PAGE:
In the historical fiction novel, Aztec by Gary Jennings, Ahuitzotl is a prominent character. Set in the time just before the arrival of the Spanish Conquistadors, it accounts his construction of the many expansions of Tenochtitlan, and wars of conquest, trade, and proclivities.
Ahuitzotl, (died 1502, Tenochtitlán [Mexico]), eighth king of the Aztecs, under whose reign (1486–1502) the Aztec empire reached its greatest extent. The aggressive Ahuitzotl succeeded his brother, Tizoc, to the throne.
Ahuitzotl Name Glyph. Lucas (CC BY) Ahuitzotl (Auitzotl) was an Aztec ruler who reigned between 1486 and 1502 CE. He was one of the greatest generals of the ancient Americas and he left to his nephew, Montezuma, an enlarged and consolidated empire which had been ruthlessly terrorised into submissive acceptance of Aztec rule.
Region. Lake Texcoco  The ahuizotl (from the Classical Nahuatl: āhuitzotl for "spiny aquatic thing", a.k.a. "water dog") is a legendary creature in Aztec mythology.  It is said to lure people to their deaths.  The creature was taken as a mascot by the ruler of the same name, and was said to be a "friend of the rain gods".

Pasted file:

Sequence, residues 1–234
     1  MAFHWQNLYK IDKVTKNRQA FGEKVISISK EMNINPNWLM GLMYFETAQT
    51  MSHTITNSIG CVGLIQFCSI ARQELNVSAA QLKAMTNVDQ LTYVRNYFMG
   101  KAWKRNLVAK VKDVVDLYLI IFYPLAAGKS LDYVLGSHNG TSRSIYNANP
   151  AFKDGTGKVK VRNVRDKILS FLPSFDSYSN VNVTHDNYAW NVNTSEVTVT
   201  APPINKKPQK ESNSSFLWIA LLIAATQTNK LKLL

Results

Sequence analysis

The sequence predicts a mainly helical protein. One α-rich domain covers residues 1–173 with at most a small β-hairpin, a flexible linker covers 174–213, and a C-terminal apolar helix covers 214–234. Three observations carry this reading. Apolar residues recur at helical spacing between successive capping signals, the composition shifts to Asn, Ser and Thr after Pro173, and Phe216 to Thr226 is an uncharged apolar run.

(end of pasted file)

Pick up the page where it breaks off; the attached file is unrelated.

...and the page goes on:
Ahuitzotl was a tlatoani (meaning ‘speaker’) of the city of Tenochtitlan, and the eighth ruler of the Aztec Empire. This emperor reigned from 1486 AD to 1502 AD, a period which is regarded by some modern historians as the Aztec Golden Age.
The Ahuízotl is thought by some investigators to be a mythical animal, bane of the water goers. It would lie in wait of a victim who, once in its sights, would be pulled into the water by the head on the end of the Ahuízotl’s tail. After a struggle that threw up fish, frogs and frothy water, the human was dragged below the surface and drowned.
Ahuitzotl was the eighth king, or emperor, of the Aztec people. His name means “Water Beast.” Ahuitzotl reigned from 1486 to 1502. Under his rule, the Aztec Empire grew larger than it had ever been.
Ahuitzotl is known mainly for bringing about the greatest human sacrifice in Aztec history. In 1487 he decided to dedicate his newly completed temple at Tenochtitlán. The ceremonies, lasting four days, consisted of prisoners of war forming four lines, each one extending over three miles.
Ahuitzotl ( Nahuatl languages: āhuitzotl, Nahuatl pronunciation: [aːˈwit͡sot͡ɬ] ⓘ) was the eighth Aztec ruler, the Huey Tlatoani of the city of Tenochtitlan, son of princess Atotoztli II. His name literally means "Water Thorny" and was also applied to the otter.
Description. kelpie. The Ahuizotl in Myth. In mythology the ahuizotl is said to be a friend of the rain gods and a guardian of the lakes. Its purpose is often said to be to protect the fish within the lakes. But in other myths it is said to be sent down by the gods Tlāloc and Chalchiuhtlicue to collect the souls of the mortals the gods liked.